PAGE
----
A person just entering a career in information technology or a person who wants to take more caution with their online activities may wonder, “How is a threat different from a vulnerability?” In information technology and cybersecurity, a lot of jargon can be confusing and all of the terminologies can be time-consuming to understand. However, knowing the difference between a threat and a vulnerability allows a person to plan a course of action for protecting their data and their identity from harm.
What Constitutes a Threat in Cybersecurity
In cybersecurity, a threat refers to a person or an event that puts a valuable resource at risk. That resource might be data, a server, a network or an individual workstation. A threat may or may not happen, but it holds the potential to wreak havoc. Threats can be intentional or accidental. An intentional threat is typically termed as “hacking,” while an “accidental” threat may include natural disasters, computer malfunctions, or loss of power. Errors and failures can also constitute threats.
What a Vulnerability Means in Cybersecurity
A vulnerability in cybersecurity refers to the quality of the resource that allows it to be exploited. Another way of describing a vulnerability is to say that it is a weakness available for exploitation, either malicious exploitation or unintentional exploitation. A vulnerability may be referred to as an attack surface. This is the case when a person with malicious intent has a tool that can connect with the vulnerability and exploit it. In most cases, vulnerabilities involve systemic weaknesses or design flaws. They could also be poor system security features that are insufficient for protecting the resource.
Common Types of Threats in Cybersecurity
Threats are classified by their origin and type. According to the National Aeronautic and Space Administration, possible origins of threats include physical damage, natural events, loss of electrical power, compromise of information, compromise of features and technical failures. The possible origins of the threats include deliberate spying or processing of information; accidents, including system and equipment failure; environmental, such as loss of power to cool servers; and neglect. Some examples of threats include software that stops providing the desired security services, data entry errors and acquiring the use of a system or software for which no access has been authorized.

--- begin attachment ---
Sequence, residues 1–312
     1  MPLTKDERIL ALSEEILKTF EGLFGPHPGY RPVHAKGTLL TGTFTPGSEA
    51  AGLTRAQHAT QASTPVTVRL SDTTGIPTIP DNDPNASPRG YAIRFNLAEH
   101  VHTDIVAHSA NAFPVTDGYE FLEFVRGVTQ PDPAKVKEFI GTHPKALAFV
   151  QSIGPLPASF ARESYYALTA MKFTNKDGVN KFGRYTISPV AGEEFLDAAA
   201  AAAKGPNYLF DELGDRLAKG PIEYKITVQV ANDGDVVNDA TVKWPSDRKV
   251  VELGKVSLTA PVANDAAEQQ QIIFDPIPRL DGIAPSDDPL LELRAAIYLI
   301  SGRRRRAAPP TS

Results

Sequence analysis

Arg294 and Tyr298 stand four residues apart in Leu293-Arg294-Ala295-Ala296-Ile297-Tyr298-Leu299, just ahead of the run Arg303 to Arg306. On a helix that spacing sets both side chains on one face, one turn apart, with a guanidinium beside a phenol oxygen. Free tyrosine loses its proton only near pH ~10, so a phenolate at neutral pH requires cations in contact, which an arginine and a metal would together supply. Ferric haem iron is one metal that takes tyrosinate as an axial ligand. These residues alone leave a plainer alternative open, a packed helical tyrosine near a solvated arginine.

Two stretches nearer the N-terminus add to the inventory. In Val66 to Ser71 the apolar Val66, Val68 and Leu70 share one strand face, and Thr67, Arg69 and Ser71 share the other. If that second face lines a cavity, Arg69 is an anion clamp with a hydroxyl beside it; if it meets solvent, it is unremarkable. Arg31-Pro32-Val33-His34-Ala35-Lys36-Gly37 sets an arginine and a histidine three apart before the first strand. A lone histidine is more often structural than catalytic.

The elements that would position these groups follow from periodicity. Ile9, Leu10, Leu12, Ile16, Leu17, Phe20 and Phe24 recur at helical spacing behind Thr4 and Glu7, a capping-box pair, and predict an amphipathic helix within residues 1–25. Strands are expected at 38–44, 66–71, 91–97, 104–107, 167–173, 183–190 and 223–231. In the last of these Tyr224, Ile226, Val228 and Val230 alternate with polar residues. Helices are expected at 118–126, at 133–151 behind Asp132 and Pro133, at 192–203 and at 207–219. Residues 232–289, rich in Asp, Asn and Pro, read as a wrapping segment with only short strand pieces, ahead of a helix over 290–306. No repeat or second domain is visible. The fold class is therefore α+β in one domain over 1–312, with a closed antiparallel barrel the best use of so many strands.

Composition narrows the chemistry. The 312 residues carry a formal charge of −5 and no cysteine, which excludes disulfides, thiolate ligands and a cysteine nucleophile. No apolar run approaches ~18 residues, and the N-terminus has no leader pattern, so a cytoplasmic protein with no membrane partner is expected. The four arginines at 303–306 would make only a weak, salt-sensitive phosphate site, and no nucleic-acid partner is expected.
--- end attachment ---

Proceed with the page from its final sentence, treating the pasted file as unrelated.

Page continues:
Causes of Threats
Threats can come from within or outside of a business or individual’s home. Employees, contractors and partners can be internal threats. External threats include professional and hobby hackers, activists, spies and malware.
Cybersecurity Vulnerabilities to Be Aware of
Vulnerabilities can be exploited by a threat agent (person) or a threat action in a threat event. The event compromises the confidentiality, integrity or availability of resources, but not necessarily the resource that had the initial vulnerability. There are several types of cybersecurity vulnerabilities to be aware of:
- Hardware – such as a vulnerability to moisture or dust
- Software – includes design flaws and insufficient testing
- Within a network – includes poor architecture
- Personnel – includes inadequate awareness of security procedures
- Organizational – includes lack of routine audits and lack of security
Causes of Vulnerabilities
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Mitigation Efforts for Cybersecurity Threats
Failure to take action against a vulnerability puts a business or individual at risk. Physical security is one way to mitigate vulnerabilities. Another way is to routinely conduct vulnerability scans. Threat management includes penetration tests to see how far a person could get into a system from the outside. Many companies use analytics-driven or machine learning systems to manage their threat mitigation. Anti-virus software, firewalls and complex passphrases are a few other techniques that manage vulnerabilities and reduce the likelihood of a threat action.
Individuals as well as businesses need to have multiple layers of protection in place to protect their sensitive data. It also helps to keep up-to-date with cybersecurity news, such as alerts about newly identified malware or viruses. Knowing how a threat is different from a vulnerability allows an individual to take action to protect their personal computer, servers, routers and other data sources from harm.